Bombay HC dismisses compensation appeal filed by 22-year-old victim’s family

The incident happened in April 2007, when Kadam was travelling to Vasai for some work on his company motorcycle, along with a colleague.

By: Express News Service | Mumbai | Published:July 3, 2017 4:09 am
Bombay High Court, Mumbai News, Indian Express news, Thane Municipal Corporation , compensation appeal The court has set aside the order of costs while dismissing the appeal.

The Bombay High Court dismissed a compensation appeal filed by the family of an accident victim, who claimed that a bus leased by the Thane Municipal Corporation had collided with the victim’s motorcycle. The family had filed for claims under Section 163-A of the Motor Vehicles Act for a compensation of Rs 4.5 lakh from the Thane Municipal Corporation, private bus company and insurer, which was dismissed by the the Motor Accidents Claim Tribunal with costs, following which they appealed before the High Court.

A single bench of Justice G S Patel held that there was no evidence to show that the fatality was caused as a result of a collision with the bus and evidence suggests that 22-year-old Dinesh Kadam was injured after he fell off his bike and later succumbed to his injuries in the hospital. The incident happened in April 2007, when Kadam was travelling to Vasai for some work on his company motorcycle, along with a colleague. The motorcycle hit a patch of gravel or sand and skidded. Kadam lost control and hit the divider. At the same time, a bus leased to the Thane Municipal Corporation by a private company was moving on the opposite road.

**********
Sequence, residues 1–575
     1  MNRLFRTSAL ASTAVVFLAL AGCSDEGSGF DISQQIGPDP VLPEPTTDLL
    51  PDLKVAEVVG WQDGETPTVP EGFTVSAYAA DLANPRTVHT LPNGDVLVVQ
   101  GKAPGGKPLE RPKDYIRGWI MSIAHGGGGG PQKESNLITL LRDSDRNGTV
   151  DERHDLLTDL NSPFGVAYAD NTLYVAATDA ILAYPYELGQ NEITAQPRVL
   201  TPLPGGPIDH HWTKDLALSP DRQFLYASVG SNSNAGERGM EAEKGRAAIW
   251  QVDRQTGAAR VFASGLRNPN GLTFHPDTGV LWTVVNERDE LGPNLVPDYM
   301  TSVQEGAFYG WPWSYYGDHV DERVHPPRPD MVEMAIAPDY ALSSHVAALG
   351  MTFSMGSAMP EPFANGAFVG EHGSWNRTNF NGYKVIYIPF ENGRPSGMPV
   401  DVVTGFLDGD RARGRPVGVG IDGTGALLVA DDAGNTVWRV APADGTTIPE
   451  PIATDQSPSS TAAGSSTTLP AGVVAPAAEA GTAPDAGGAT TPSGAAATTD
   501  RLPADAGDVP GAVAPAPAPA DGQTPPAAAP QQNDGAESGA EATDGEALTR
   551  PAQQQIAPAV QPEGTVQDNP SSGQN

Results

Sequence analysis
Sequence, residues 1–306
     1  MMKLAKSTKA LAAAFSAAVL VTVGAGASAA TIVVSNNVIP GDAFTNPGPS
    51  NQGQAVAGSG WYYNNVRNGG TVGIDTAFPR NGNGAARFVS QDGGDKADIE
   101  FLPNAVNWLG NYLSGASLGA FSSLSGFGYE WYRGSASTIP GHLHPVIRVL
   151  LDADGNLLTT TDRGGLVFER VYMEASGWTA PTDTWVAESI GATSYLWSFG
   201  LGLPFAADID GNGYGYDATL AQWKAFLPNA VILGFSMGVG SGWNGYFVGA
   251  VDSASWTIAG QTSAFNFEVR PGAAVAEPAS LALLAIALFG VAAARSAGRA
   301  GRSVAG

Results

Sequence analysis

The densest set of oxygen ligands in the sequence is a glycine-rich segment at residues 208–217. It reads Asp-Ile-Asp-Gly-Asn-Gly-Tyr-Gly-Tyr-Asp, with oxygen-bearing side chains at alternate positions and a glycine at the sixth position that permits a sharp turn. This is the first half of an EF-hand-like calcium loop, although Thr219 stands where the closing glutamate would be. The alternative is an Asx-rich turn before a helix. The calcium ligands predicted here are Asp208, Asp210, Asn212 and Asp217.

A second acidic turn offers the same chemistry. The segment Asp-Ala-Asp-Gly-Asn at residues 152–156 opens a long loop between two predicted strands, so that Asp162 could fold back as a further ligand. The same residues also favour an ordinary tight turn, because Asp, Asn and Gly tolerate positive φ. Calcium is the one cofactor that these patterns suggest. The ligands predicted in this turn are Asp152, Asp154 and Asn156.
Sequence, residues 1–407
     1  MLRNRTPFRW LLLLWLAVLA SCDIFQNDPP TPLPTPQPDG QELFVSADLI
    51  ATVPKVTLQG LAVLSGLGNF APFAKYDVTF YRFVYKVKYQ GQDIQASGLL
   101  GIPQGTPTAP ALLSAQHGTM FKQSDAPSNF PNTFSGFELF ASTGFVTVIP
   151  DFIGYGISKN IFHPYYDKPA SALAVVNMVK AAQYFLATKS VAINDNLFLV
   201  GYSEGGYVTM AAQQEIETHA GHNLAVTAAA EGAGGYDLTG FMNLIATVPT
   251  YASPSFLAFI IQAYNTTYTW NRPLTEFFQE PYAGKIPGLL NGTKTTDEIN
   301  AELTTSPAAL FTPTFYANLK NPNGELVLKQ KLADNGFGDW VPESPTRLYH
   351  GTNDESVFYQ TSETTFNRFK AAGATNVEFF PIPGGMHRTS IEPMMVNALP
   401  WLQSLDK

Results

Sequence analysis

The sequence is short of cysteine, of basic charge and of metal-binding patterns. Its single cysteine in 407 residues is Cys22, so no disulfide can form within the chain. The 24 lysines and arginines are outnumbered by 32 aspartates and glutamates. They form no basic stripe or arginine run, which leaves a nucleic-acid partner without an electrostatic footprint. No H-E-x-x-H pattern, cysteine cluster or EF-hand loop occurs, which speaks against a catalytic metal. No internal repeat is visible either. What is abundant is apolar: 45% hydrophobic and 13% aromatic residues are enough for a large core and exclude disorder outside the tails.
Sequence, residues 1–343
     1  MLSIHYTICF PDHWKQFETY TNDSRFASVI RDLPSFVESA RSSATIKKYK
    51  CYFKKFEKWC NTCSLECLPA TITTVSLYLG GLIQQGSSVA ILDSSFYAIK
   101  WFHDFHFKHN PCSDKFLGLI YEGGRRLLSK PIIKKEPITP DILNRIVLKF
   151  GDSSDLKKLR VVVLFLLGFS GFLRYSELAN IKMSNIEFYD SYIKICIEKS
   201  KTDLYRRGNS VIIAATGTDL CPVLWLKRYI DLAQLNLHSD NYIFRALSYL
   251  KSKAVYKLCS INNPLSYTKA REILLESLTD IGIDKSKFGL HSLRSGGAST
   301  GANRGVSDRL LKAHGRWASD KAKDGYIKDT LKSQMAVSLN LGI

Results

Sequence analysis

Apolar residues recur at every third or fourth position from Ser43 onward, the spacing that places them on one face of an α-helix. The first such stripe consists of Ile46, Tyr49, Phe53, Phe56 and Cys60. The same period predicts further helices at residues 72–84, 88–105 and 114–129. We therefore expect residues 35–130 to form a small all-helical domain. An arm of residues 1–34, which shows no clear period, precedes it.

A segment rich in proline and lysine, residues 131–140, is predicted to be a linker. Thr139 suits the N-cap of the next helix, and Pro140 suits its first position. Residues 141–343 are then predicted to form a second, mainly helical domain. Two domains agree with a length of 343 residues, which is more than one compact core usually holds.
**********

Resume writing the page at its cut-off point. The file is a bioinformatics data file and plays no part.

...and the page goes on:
According to the claimants, the motorcycle collided with the bus but the corporation and the insurer say there was no collision. Further they say that even if there was a collision, it was after he was thrown off the bike and got injured. Dinesh succumbed to injuries a few days later. The court, after hearing both the sides, concluded that Dinesh did not lose his life as a result of the collision with the bus and that there was no accident “arising out of the use of” the bus as claimed by the kin of the deceased.

The witness bus driver pointed to the court that the bus did not hit Dinesh and the driver and the conductor took the injured to the hospital, a statement corroborated by the pillion rider also. The court observed that the claimant should prove that the injury or death was the result an accident “arising out of the use of the motor vehicle”.

Justice Patel, in his order, said, “There is no evidence to show that Dinesh’s death, while undoubtedly tragic, was ‘due to an accident arising out of the use of’ the bus.” The court held that he was injured when he fell, and he fell and was injured before his motorcycle hit the bus, if it ever did. The order further said, “The fact that his motorcycle might, at best, have skittered further under its own momentum after dislodging Dinesh, and then collided with the bus will not bring this case within the ambit of Section 163-A.”

The court has set aside the order of costs while dismissing the appeal.

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